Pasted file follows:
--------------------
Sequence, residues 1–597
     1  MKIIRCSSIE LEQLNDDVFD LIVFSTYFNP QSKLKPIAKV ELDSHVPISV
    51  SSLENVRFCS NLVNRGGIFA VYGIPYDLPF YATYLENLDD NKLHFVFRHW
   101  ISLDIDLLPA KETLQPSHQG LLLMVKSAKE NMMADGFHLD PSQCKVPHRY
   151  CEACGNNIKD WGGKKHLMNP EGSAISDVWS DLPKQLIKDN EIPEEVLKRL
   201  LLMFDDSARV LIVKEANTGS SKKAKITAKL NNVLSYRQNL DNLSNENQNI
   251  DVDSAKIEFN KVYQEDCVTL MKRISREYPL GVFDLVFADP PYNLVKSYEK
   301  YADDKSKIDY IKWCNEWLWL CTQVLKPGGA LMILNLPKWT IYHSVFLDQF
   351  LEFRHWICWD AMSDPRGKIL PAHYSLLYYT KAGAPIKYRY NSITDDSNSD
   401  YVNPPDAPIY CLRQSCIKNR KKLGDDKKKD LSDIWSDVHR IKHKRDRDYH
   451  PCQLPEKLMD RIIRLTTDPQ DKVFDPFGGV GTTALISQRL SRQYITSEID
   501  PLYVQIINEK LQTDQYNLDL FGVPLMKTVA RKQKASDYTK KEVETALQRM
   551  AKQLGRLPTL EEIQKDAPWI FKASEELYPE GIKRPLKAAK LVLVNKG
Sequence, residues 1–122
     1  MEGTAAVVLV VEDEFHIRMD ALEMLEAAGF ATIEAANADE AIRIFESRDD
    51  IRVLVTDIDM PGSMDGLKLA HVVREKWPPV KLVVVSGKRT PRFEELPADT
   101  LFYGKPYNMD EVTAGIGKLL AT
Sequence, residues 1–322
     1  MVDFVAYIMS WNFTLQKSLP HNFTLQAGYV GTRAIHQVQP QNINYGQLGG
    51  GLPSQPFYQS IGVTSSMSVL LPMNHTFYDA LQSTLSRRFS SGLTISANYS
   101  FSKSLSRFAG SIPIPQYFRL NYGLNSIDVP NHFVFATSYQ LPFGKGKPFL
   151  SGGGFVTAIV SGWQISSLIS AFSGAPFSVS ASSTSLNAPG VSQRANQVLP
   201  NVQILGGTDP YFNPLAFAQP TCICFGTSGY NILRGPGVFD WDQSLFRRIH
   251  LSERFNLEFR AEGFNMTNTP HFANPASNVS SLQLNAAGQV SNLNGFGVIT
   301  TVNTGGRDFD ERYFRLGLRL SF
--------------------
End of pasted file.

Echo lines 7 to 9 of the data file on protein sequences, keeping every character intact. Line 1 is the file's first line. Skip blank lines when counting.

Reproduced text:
   251  DVDSAKIEFN KVYQEDCVTL MKRISREYPL GVFDLVFADP PYNLVKSYEK
   301  YADDKSKIDY IKWCNEWLWL CTQVLKPGGA LMILNLPKWT IYHSVFLDQF
   351  LEFRHWICWD AMSDPRGKIL PAHYSLLYYT KAGAPIKYRY NSITDDSNSD